Some of the last things I managed to get printed before my 3d printer glitched* were these houses from 18Charlie of Wargaming3D. I liked the modular approach he has taken to his designs so bought a log cabin, a tin roof and the fortified brick building.
From the set of files I’ve got three nice buildings. They did take a while to print but the cost of them is really quite low.I’m particularly keen on the fortified and sandbagged one. The good thing about this sort of thing is that the files were designed for 15mm, I up scaled them again to 20mm and may well print them out a bit bigger still for my 28mm Zona Alfa games. Either way they make a nice bit of terrain for any games set in Eastern Europe.
*I’ve got the part to repair it I’ve just not had the time to do it yet.
I’ve just finished this book on the war in the Ukraine. An interesting little read for the ‘other side’ as it were.
These tank traps come from that conflict and were printed by me. The snow is a mixture of white tectured paint and 1mm white static grass. The figure amongst them is a 20mm US infantryman from Elhiem. Some tufts were added to which the static grass was glued.
More from my printer: this time a rescaled (to 1/300th) LCAC from the ever prolific Mr. Bergman. The LAVs and M1 are also 3d printed. The sea spray is made from teased out teddy bear stuffing glued to the underside of the hovercraft before it was glued on its base.
The LCAC is used by the US Navy to transport troops, vehicles and Cargo from ship to shore, 1 MBT being at the upper end of its load limit. I’ll use mine for some US Marine landing in Norway I think, it should provide some interesting game scenarios.
I wanted to do some more Great War tanks in 15mm to go with my board game. I scaled up the Bergman design from 1/200th to 1/100th and ran off a pair of MKIVs. The plan was to paint them in German colours as captured tanks using the fancy new paint set I had got. The colours went on well and I was happy with the decals too… however, when it came to varnishing I got the dreaded white mist effect:
I was quite annoyed as you can imagine and nearly binned the models, such thoughts are only possible with the cheapness of 3d printing, but remembered that I had no more decals for them.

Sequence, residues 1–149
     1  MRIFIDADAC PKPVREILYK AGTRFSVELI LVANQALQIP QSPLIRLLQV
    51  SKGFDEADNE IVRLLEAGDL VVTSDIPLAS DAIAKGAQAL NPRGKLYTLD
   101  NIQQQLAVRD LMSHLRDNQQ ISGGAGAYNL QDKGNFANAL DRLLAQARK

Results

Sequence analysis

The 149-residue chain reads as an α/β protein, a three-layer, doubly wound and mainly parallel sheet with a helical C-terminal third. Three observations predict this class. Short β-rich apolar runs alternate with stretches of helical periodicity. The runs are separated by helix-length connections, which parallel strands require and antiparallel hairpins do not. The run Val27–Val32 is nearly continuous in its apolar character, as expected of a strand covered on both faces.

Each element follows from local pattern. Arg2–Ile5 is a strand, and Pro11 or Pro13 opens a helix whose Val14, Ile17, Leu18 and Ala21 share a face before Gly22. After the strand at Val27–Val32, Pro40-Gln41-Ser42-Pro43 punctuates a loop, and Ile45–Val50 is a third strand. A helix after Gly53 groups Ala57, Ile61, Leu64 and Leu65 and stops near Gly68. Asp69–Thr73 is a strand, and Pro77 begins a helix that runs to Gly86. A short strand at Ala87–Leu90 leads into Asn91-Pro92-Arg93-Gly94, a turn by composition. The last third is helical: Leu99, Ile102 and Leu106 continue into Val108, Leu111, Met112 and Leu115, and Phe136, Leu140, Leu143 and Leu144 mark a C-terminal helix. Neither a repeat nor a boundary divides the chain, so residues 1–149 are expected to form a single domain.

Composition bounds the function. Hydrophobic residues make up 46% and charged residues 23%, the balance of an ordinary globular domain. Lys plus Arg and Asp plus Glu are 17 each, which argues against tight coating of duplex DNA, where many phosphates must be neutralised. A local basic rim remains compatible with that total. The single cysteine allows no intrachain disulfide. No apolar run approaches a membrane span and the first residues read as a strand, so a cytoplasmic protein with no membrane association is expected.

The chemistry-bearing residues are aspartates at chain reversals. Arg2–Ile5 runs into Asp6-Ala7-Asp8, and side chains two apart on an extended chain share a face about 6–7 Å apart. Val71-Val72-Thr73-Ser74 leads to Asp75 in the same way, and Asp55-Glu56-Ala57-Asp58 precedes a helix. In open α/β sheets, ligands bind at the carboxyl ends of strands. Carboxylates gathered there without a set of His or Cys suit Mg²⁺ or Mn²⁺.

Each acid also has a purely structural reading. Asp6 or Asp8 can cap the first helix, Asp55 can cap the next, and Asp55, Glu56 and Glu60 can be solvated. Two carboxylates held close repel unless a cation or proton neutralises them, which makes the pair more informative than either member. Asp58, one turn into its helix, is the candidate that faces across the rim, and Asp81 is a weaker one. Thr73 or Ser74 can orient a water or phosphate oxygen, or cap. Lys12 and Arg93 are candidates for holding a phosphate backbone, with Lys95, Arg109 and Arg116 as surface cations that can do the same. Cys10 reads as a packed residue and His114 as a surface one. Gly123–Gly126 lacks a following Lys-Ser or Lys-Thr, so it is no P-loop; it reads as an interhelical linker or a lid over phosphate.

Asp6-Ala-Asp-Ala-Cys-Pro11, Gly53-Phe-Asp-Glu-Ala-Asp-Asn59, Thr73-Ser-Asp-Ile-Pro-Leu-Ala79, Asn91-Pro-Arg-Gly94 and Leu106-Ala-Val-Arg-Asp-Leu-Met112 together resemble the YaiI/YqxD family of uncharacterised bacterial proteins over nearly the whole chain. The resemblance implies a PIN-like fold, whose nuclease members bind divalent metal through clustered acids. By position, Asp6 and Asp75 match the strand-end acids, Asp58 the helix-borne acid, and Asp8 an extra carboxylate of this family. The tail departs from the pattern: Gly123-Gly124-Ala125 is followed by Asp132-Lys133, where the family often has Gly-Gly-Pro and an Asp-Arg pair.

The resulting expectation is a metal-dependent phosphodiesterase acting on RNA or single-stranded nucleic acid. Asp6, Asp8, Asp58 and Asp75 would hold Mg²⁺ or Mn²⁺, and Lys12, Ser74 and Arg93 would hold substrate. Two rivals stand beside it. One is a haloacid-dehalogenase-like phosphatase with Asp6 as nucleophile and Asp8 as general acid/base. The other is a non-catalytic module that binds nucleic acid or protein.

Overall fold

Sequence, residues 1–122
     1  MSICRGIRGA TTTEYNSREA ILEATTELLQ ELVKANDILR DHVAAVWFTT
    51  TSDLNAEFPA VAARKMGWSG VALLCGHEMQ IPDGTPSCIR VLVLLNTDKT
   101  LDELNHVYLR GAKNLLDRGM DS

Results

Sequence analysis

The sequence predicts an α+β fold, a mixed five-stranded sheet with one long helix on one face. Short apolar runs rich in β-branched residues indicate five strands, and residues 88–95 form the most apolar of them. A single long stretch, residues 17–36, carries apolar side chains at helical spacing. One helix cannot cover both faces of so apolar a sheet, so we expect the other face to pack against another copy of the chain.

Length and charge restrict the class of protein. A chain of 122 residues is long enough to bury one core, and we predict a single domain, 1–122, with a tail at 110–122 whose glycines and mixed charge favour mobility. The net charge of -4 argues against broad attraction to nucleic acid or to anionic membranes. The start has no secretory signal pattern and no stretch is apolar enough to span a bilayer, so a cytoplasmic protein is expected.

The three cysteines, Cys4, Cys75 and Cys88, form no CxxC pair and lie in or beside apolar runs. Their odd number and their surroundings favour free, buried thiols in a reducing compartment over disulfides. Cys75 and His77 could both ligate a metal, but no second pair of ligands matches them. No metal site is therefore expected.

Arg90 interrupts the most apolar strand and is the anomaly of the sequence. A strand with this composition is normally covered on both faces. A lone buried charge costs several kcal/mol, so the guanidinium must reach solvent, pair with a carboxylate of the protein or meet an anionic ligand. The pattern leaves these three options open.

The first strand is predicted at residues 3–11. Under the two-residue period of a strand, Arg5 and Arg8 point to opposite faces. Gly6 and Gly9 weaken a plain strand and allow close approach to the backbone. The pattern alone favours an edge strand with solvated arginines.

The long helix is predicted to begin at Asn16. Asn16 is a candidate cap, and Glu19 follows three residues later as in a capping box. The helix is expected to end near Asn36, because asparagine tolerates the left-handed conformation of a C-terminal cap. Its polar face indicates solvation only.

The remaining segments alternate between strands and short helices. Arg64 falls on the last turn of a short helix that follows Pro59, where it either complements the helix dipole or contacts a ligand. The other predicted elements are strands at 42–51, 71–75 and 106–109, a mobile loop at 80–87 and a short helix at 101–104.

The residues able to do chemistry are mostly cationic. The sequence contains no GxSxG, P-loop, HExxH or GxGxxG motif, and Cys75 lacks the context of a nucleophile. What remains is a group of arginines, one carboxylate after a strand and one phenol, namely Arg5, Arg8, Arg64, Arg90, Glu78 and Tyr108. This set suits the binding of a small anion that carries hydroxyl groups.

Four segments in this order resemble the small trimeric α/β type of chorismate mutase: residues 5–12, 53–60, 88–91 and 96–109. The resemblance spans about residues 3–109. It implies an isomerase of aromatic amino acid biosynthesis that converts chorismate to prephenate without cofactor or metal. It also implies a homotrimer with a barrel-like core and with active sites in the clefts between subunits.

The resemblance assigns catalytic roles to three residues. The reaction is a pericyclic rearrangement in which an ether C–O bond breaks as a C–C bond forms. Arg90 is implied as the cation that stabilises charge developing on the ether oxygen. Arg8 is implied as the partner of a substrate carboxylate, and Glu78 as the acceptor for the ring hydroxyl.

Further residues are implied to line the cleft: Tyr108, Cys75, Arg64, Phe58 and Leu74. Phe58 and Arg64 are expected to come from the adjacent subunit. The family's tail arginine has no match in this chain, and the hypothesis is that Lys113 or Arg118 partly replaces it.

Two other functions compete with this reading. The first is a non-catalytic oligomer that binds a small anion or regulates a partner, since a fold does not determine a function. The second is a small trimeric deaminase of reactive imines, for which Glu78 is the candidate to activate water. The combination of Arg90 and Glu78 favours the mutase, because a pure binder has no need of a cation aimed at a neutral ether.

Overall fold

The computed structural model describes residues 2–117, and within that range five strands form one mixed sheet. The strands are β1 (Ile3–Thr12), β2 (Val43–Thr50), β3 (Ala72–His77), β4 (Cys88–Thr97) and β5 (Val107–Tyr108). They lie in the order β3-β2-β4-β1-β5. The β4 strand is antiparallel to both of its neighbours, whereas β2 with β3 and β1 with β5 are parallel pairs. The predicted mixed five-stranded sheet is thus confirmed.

I risked revarnishing them on a dry day with gloss varnish, I vaguely remembered hearing somewhere that this work, and this managed to save them. See the reults here:
Really glad it did as they look pretty good now. Also it shows the limitations of scalling up a model to twice its size. Some of the detail is a little chunky now. At least it will survive game handling.
I previously posted a couple of examples of the Zuk van that I printed out in 20mm, this time I simply rescalled the 3D model file and reprinted them to match my 28mm models. As you have probably guessed these are heading into my Zone Alpha terrain collection.
I did one van a military green colour whilst the other is more beat up with different coloured doors and more rust.
The bit of scatter terrain is also 3D printed and should make a nice bit of setting for a bandit camp.
One of the tank history blogs that I follow (and highly recommend) is http://www.tankarchives.ca – a bit ago they did a post on French tanks in German service after 1940. After reading it I thought it would make a nice project for my 3D printer.
The tanks were sourced from the ever prolific Bergmann from Thingiverse. Doing this project really made me appreciate my £d printer as it is not something I would have done if I had to buy the resin models as before.
The tanks were actually all printed out a long time ago- just after the publication of the blog post- but have waited for paint until I got the decals for them. I wanted to num,ber them properly as one platoon: 331-335, third company, third platoon, tanks 1-5 with number 1 being the command Somua.
I may yet print out more and do them in the later camo scheme for use in Normandy and the Balkans towards the end of the war….
Beobachtungsturm were a type of watchtower used by the East Germans. I found a file of them on thingiverse and thought it would be a great addition to my Cold War games.
As you can see I did 2 of them of different sizes. The nice thing about 3d printing is this fllexibility- a 1/144 scaled original was printed out at half size and twice size, for 6mm and 20mm respectively.
Here they are unpainted and untextured. They were both given coats of Mr. Surfacer as an undercoat.
I was asked to re-photograph the Chemical tanks with something to give an indication of scale, so as it was not raining today I decided to take the oppertunity to grab a new Primaris Marines as well as a 1995 vintage Necromunda figure to give them some sense of scale.
More bits from thinigverse that I have printed off and painted up. Should be fun for 40k themed games. I’m sure I can make up a Nurgle themed narrative campaign out of them too. The red one will do if anyone runs a Corpse Grinder Cult gang in the next Necromunda campaign too.
I’ve used my 3D printer to run off some useful modern bits of scatter terrain. Not the most exciting bits, definately not in colour terms, but they should be good for set dressing on the table. All of them were printed from free stl files from either Wargaming3D or thingiverse.
First up we have a set of 6 sewer entrances. As I’ve already got a sewer system, the resin one from Ainsty, these should prove very useful.
Secondly I ran off a load of Jersey barriers. Great for modern games.
Finally I did some anti- tank obstacles… well not quite. The eagle eye amongst you might recognise these as concrete beach anti- erosion defences. Whilst they have been popularised in the alt WW2 game DUST Tactics they have also been used in the real world too. The Ukrainians used them successfuly as road blocks to stop an armoured thrust towards Mariopol by Russian/ Sepratist forces.
Once lockdown is over I’ll be able to add these to some games.